Speechs in the year
Tempat/Venue 	: 	THE SHANGRI-LA HOTEL 
Tarikh/Date 	: 	05/02/91 

    It  is indeed a pleasure to be here this morning and to
address this conference.  This, I believe, is the  inaugural
conference  since the time the six key legislations aimed at
launching Labuan as an IOFC came into force in  October  1st
last year.
2.   When the government first announced its plans to launch
Labuan  as  an  IOFC, the initial reaction among many in the
financial circles was one of incredulity.  Some, I  believe,
had to refer to their world maps to locate Labuan.
3.   At  first sight, it would seem to be a far-fetched idea
- the creation of a sophisticated modern financial centre in
an island which was hardly known and without  any  financial
infrastructure.    But since that announcement this has been
remedied, albeit in a small way, with the  establishment  of
six  banks,  five  legal establishments and eight accounting
4.   Far-fetched ideas if worked at assiduously  can  become
realities.  Most of todays successful business conglomerates
started  as far-fetched ideas.  It was the determination and
commitment of the people involved that  saw  the  idea  take
root  and  grow into what these conglomerates are today.  In
our case, I would like to reaffirm the  government's  strong
commitment  to  develop  Malaysia into an important regional
business centre through an efficient and increasingly diver-
sified manufacturing sector,  as  well  as  through  greater
dynamism  and sophistication in the financial, insurance and
banking services.   Creating Labuan is one  of  the  various
steps we have taken to achieve our goal.
5.   Let  me  say  that  the  government's policy to develop
Labuan as an IOFC was not pulled out of  a  magician's  hat.
Deliberations  on  how best to develop the Federal Territory
of Labuan started a while back.  We took stock  of  the  is-
land's strengths and weaknesses and after assessing the many
alternatives,  the proposal to develop Labuan as an IOFC ap-
peared to have a reasonable chance of success.
6.   Labuan, located literally in the  middle  of  the  fast
growing  Asia-Pacific  region,  has  a  number of attributes
which are necessary and conducive to  the  formation  of  an
IOFC.    We,  in  Malaysia,  are  indeed fortunate.   We are
blessed with a  beautiful  country  which  revels  in  sunny
weather  and lush green vegetation.  Our land is rich in ag-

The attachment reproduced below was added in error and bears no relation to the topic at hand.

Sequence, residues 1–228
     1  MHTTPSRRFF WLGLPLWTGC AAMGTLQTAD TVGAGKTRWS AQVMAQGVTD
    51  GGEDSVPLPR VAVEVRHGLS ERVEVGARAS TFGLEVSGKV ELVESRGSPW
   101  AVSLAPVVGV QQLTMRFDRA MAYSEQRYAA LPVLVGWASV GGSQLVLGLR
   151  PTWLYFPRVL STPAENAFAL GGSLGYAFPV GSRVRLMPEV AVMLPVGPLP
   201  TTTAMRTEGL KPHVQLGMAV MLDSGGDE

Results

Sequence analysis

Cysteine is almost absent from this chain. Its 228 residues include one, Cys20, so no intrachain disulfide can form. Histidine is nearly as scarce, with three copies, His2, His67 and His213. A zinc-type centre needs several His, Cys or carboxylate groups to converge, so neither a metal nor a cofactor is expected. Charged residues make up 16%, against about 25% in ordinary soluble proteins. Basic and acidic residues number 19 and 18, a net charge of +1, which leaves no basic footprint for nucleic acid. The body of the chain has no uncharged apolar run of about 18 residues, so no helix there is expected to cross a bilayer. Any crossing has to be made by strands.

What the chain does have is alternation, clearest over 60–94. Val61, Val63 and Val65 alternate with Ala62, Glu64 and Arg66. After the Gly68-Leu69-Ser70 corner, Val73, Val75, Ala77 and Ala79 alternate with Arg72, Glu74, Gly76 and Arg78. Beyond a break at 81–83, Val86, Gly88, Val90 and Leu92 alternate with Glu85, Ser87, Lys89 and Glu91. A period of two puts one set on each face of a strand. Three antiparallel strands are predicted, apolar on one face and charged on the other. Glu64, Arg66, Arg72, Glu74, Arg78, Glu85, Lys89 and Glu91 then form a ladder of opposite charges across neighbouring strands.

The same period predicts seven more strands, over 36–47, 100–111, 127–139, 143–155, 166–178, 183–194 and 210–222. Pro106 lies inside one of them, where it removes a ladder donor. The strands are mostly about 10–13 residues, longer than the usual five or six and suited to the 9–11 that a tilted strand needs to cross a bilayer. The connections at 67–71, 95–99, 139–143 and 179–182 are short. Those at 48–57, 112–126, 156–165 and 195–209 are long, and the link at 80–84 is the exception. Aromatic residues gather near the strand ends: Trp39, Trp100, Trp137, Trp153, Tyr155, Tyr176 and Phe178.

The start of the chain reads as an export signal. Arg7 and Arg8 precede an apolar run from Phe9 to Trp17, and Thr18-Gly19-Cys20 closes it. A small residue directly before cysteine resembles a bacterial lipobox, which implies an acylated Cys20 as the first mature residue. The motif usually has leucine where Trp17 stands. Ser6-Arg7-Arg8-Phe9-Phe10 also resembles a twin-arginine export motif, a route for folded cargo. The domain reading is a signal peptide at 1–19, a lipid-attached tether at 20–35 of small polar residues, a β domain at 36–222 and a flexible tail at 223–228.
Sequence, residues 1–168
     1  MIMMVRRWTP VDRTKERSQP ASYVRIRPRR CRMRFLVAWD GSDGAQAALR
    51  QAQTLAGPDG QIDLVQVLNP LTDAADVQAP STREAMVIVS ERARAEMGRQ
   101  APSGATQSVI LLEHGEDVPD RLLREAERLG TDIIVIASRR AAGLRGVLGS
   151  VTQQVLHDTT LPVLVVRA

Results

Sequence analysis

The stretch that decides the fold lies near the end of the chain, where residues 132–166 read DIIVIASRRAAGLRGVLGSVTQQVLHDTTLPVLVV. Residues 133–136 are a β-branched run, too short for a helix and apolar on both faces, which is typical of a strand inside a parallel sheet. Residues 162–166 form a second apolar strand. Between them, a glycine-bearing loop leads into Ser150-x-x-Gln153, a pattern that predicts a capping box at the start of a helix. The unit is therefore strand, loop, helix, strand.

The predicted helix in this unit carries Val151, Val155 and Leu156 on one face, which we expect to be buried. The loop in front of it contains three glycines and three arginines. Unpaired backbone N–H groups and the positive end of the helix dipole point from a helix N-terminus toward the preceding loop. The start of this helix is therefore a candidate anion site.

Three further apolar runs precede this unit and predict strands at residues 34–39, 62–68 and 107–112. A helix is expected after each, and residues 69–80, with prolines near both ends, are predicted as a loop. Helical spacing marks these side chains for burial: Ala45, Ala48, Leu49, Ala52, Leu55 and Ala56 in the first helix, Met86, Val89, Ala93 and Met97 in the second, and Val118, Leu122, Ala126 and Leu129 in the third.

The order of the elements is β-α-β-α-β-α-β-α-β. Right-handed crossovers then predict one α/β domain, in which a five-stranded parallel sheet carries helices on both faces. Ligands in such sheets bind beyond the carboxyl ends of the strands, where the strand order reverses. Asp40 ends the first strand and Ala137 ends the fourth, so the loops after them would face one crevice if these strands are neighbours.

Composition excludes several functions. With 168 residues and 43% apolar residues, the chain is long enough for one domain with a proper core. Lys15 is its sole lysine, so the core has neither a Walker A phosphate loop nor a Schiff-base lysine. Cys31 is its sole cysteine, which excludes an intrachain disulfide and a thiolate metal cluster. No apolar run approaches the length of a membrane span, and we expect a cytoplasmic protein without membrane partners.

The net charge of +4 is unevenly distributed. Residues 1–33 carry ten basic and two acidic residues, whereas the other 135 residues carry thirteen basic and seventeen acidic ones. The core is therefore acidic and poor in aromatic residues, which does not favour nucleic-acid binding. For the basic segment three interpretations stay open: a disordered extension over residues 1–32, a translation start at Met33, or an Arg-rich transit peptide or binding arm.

ricultural and mineral resources.  Our workforce  is  young,
educated and productive.  Our political and economic stabil-
ity  is  well-known among investors.   These attributes have
been identified by experts as some of  the  key  foundations
necessary  to  build an IOFC, and in Labuan, these are amply
7.   To ensure Labuan's development into an IOFC of interna-
tional repute, a series of development  projects  have  been
identified.    These projects, which will cater for both the
short and long-term needs of offshore investors  in  Labuan,
are  already being implemented in some cases, and others are
in the final stages of planning  prior  to  commencement  of
work.   To provide for a conducive work environment for off-
shore financial institutions, there are definite  plans  for
excellent  office  buildings, fully equipped with the latest
office technology, to be built, some by government agencies,
in an area that is going to be zoned as a Financial Park  or
Banking  District.  To ensure that telecommunication facili-
ties meet the high standards required of  an  IOFC,  various
projects  are  already  being undertaken by Syarikat Telekom
Malaysia to immediately upgrade telecommunication facilities
in Labuan.  Efficient modern telecommunication is a hallmark
of an IOFC, and we are certainly sparing no efforts in  giv-
ing top priority to undertake and complete all projects that
will   improve  and  enhance  telecommunication  service  in
8.   The Government  has  requested  Malaysian  Airlines  to
schedule more direct flights between Labuan and Kuala Lumpur
and  also  between  Labuan and Kota Kinabalu.  If the demand
justifies we will have direct flights  from  foreign  points
into  Labuan.  Our aim is to ensure that a visitor to Labuan
is able to travel in by the most convenient and  comfortable